However, if $1,056 per month is a bit out of your range (perfectly understandable for single earners), the Capital One VentureOne card does provide great rewards at no annual fee.
Both cards have excellent benefits, such as unlimited rewards, no minimum mile requirement to redeem for travel and no foreign transaction fee (essential when traveling abroad). They also both allow you to transfer miles to Capital One’s over 15 travel partners.
On its own, the Capital One VentureOne comes with a few nice perks such as travel accident insurance, extended warranty on certain eligible items purchased with the card and more. However, certain benefits are only available to those approved for the Visa Signature card and terms apply.
As for the Venture Rewards card, it offers a few luxury travel benefits such as two free visits per year to the Capital One Lounge, up to $100 credit for Global Entry or TSA PreCheck and Hertz Five Star status.
Capital One provides several redemption options, but the best option by far is redeeming through Capital One Travel at a rate of 1 cent per mile. As for other the redemption options: gift cards, statement credit or check, the value of a mile dips to 0.8 cents or 0.5 cents. That limits the value of Capital One miles since you’re encouraged to spend mostly on travel purchases with Capital One Travel. At least the Venture card slightly makes up for this disadvantage by earning 2X miles on general purchases, but the redemption value does hurt the worth of the VentureOne card.
With a cash back card, you can get the same redemption value for your miles with more flexibility since you can use cash back any way you please, not just for travel redemptions. (Note: The VentureOne card offers cash back as a redemption option but at a lower value of 0.5 cents per mile.)
As it happens, there are many cash back cards on the market that charge no annual fee and offer rewards rates of 1.5% and higher. In other words, a plethora of cards offer a higher rewards rate and more flexibility than the VentureOne card.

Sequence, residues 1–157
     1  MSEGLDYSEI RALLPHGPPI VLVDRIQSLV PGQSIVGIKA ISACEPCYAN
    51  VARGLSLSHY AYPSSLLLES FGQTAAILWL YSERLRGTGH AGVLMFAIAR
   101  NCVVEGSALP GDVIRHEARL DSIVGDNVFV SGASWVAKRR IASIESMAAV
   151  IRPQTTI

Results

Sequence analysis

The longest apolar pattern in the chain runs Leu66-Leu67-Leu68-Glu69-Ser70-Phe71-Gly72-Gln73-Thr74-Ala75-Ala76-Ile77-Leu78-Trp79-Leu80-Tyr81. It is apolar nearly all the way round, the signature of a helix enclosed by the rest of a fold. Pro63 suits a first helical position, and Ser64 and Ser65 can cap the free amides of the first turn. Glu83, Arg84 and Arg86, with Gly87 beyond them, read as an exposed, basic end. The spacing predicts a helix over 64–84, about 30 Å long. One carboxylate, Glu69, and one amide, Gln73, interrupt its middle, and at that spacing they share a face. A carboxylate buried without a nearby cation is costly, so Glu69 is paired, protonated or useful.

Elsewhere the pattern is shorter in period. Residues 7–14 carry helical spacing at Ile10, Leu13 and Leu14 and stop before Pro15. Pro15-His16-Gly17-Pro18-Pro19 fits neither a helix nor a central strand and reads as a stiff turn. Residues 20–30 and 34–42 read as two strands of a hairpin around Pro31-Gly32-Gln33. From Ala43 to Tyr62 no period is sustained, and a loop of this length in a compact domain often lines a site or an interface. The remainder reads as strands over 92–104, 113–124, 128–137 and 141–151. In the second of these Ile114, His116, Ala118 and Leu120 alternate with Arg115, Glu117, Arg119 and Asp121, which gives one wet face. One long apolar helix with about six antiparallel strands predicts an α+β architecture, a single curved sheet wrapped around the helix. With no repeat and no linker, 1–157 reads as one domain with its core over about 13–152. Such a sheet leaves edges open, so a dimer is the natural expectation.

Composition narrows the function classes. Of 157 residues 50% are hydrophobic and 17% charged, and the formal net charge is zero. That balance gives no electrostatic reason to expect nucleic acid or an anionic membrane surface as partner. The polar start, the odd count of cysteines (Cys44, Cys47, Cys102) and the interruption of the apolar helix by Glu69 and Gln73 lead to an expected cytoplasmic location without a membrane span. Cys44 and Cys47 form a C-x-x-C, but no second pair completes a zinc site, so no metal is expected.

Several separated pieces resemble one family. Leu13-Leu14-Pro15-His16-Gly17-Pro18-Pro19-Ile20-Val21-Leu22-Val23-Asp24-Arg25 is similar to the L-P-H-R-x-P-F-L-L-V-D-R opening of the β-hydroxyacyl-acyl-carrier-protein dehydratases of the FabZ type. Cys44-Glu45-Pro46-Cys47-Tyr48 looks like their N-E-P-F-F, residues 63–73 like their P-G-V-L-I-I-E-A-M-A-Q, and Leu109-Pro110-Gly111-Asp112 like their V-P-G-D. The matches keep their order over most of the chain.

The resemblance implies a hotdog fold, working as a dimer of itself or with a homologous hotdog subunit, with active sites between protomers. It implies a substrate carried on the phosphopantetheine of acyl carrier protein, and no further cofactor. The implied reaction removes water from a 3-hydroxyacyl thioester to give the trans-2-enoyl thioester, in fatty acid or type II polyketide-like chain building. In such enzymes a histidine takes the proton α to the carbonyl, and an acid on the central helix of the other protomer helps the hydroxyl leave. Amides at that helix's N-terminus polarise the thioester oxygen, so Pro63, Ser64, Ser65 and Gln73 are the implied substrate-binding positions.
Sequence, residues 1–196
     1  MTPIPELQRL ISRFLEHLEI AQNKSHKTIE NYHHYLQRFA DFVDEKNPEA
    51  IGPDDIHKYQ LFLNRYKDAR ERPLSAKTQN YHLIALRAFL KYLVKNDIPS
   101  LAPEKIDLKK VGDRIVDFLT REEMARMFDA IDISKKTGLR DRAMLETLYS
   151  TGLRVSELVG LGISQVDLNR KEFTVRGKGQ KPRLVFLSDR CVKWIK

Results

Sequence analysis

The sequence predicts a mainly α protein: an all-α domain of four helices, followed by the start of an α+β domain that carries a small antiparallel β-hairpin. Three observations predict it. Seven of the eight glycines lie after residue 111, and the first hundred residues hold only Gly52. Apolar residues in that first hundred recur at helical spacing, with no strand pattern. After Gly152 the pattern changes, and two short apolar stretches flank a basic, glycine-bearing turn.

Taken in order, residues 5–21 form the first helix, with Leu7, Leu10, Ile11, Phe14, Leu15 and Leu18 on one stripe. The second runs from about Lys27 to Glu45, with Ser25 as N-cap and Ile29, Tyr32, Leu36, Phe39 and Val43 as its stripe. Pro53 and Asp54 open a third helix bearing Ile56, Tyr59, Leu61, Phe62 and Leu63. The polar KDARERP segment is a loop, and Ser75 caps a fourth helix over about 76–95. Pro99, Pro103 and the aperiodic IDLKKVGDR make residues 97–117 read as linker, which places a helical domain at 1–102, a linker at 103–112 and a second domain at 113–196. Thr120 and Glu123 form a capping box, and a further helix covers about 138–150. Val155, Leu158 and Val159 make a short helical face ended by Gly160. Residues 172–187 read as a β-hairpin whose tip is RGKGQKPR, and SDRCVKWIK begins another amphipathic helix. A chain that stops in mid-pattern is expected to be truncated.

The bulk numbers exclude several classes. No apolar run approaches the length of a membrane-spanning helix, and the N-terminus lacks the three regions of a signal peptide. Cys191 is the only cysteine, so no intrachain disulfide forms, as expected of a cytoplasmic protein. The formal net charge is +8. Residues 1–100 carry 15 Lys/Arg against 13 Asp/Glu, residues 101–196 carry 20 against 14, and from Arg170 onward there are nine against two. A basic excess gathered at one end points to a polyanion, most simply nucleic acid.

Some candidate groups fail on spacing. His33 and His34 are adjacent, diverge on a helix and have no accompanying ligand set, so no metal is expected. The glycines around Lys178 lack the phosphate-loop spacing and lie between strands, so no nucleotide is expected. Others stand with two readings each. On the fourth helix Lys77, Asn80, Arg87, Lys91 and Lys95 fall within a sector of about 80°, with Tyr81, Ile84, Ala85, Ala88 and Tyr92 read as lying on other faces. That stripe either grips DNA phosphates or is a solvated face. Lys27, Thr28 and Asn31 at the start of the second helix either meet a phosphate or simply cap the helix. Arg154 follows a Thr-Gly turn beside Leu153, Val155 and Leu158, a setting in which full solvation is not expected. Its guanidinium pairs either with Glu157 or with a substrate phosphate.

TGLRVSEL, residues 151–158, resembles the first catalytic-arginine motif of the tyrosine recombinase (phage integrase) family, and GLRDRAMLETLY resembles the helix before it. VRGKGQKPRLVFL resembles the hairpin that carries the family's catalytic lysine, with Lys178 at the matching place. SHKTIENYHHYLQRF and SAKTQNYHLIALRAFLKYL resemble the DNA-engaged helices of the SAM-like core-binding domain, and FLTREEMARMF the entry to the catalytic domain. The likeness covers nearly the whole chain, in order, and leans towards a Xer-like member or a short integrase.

Capital One Venture: Best for first-year rewards
The Capital One Venture card offers simplicity with its flat 2 miles per dollar earning rate on every purchase and some flexibility with its redemption options. Top it off with an industry-leading sign-up bonus, and it becomes a card difficult to beat, even with its annual fee.
However, as we’ve mentioned, you should spend $1,056 per month or more to experience the advantage of this card over the VentureOne. For frequent travelers and families, this is a great card to use for all or most of your purchases.
Capital One VentureOne: Best for low-budget spenders
Of course, not everyone’s up for paying a $95 fee. If you don’t have the funds to manage over $1,000 per month of spend on a credit card or you’re not certain you’ll travel frequently enough to redeem your rewards on a regular basis, the VentureOne card is a very good no-annual-fee alternative. The card’s 20,000-mile sign-up bonus is nothing to laugh at, and its rewards structure will still earn you a decent number of miles if you use the card for most of your purchases.
The bottom line
Overall, the Venture and VentureOne cards are both great, simple, flat-rate travel cards that are a good choice for cardholders who would rather use one card for every purchase. But if you’re a heavy spender who doesn’t mind paying an annual fee, you stand to squeeze more value out of the Venture card – thanks to its double rewards rate on purchases and generous sign-up bonus.